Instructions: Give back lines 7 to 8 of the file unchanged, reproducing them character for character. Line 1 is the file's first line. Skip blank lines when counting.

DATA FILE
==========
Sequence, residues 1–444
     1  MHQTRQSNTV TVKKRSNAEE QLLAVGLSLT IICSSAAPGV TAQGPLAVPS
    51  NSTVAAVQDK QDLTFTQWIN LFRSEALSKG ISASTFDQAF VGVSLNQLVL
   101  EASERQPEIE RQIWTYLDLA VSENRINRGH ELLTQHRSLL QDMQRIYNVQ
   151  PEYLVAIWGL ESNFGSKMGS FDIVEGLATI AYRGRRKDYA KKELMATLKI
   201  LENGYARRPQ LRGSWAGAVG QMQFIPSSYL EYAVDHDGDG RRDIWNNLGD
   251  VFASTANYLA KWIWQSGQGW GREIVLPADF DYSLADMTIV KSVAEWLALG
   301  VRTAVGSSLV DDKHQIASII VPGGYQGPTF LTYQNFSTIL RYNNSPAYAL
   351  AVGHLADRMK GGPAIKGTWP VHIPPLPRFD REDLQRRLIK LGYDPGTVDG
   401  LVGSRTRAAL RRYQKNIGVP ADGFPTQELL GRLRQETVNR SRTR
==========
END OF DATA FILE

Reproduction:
   251  VFASTANYLA KWIWQSGQGW GREIVLPADF DYSLADMTIV KSVAEWLALG
   301  VRTAVGSSLV DDKHQIASII VPGGYQGPTF LTYQNFSTIL RYNNSPAYAL